Video: We tried Magic Leap One
The Magic Leap One augmented reality headset has launched for developers, creators, and enterprises for $2,295 -- and online furniture retailer Wayfair is betting the device can lead to new shopping experiences.
CNET's Scott Stein toured Magic Leap's headquarters, played with the headset, and offered up his first hands-on. His conclusion is that the Magic Leap One isn't vaporware.
It's real, and it works. Whether it's more than a developer prototype, and whether it amazes you, is another story. My initial experience didn't blow me away, despite Magic Leap's promises. And yet, I came away thinking it's the best AR headset experience I've had to date.
When I read the tech sector's account of the Magic Leap launch I couldn't help but laugh. The cynic in me looked at the price, looked at the ecosystem disadvantages compared to Microsoft, Google, Apple, Facebook and Amazon Web Services, and chuckled.
But I'll play along for now. Wayfair sure is.
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Wayfair has been on the augmented, virtual and mixed reality bandwagon for a while. And for good reason: Furniture shopping online requires some visualization, and the ability to place goods into a setting. Amazon offers similar capabilities.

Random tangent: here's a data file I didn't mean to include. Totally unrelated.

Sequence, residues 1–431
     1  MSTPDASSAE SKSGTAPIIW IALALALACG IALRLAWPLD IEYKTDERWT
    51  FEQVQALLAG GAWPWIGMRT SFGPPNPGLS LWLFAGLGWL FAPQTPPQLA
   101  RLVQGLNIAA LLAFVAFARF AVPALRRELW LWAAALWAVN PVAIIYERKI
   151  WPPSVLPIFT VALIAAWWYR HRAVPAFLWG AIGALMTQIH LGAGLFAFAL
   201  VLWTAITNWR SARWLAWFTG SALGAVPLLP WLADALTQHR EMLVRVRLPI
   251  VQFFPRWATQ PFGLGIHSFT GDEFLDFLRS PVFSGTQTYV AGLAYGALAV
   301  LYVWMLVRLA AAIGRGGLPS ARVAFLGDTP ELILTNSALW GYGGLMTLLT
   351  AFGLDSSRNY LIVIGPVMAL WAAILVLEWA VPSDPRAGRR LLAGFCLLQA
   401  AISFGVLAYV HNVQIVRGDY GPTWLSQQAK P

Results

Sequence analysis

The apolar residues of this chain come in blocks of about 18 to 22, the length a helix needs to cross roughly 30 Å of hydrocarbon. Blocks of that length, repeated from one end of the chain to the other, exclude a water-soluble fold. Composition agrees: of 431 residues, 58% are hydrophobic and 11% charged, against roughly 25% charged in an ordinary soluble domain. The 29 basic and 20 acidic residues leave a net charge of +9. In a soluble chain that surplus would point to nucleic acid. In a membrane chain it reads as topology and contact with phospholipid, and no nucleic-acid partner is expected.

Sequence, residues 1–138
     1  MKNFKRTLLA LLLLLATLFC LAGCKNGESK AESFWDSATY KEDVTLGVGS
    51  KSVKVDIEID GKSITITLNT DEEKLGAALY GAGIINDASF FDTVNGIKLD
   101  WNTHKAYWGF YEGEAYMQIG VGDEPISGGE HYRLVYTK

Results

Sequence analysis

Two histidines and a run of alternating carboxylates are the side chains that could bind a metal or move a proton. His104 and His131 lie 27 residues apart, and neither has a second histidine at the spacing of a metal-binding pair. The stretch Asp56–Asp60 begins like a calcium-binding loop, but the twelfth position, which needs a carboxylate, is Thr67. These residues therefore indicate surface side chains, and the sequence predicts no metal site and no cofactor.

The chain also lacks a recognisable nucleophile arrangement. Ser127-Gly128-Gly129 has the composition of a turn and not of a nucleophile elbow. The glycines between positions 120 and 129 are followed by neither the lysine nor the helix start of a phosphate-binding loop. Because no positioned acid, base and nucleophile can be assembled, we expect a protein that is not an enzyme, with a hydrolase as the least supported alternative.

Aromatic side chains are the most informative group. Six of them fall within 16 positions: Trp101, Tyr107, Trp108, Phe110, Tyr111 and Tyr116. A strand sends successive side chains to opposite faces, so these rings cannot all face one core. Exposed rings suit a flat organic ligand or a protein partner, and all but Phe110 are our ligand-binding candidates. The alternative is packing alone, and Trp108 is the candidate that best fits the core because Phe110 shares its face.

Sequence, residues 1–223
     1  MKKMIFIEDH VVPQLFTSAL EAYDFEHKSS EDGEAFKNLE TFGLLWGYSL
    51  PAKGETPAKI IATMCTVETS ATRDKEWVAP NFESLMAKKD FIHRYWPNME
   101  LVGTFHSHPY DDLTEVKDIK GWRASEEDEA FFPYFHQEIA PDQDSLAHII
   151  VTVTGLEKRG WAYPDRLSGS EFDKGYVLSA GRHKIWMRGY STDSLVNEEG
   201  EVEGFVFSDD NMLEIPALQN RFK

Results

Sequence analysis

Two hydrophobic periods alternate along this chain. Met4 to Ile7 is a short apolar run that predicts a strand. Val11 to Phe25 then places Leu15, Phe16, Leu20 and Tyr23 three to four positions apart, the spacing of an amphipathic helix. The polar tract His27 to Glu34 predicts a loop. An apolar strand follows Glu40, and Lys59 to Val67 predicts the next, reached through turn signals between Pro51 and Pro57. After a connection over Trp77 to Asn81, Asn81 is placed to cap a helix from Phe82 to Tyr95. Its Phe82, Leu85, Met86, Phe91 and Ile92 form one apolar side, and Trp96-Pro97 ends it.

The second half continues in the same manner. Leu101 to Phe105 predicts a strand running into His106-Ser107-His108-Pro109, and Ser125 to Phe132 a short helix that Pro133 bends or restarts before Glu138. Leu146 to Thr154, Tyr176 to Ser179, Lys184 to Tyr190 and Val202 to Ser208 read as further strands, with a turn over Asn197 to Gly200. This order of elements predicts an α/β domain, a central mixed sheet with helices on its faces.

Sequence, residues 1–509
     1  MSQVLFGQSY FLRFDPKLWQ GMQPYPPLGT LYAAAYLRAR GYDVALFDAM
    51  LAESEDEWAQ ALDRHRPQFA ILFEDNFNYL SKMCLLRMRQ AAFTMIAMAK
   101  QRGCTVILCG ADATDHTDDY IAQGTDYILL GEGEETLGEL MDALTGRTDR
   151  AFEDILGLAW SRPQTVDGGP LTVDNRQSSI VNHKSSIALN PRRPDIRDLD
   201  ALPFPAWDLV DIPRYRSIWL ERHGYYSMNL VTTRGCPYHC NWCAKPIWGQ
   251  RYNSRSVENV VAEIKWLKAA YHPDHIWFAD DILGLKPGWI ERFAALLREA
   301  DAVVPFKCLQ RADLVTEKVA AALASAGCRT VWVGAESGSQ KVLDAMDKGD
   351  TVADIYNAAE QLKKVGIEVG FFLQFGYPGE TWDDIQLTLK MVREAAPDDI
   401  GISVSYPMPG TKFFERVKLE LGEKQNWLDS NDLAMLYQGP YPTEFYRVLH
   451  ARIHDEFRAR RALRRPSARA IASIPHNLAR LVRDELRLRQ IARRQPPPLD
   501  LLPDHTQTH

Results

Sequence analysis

So, yes, there is a good retail case for AR. But Wayfair may be early relative to other enterprises. In its statement, Wayfair noted the following:
It all sounds wonderful until you consider that the Magic Leap One will have limited availability. Wayfair's AR bet is sound, but the Magic Leap bandwagon may take a while to pay off -- if ever. But if AR does become the future of shopping, Wayfair will have a front row seat.
The real question is whether these various mixed reality platforms are the way to go versus something simple and browser-based. Amazon Web Services is simplifying AR development with browser based technologies, and it's likely that enterprises will go for that approach first. It's unclear that Magic Leap will develop the developer ecosystem to really find a business hook.
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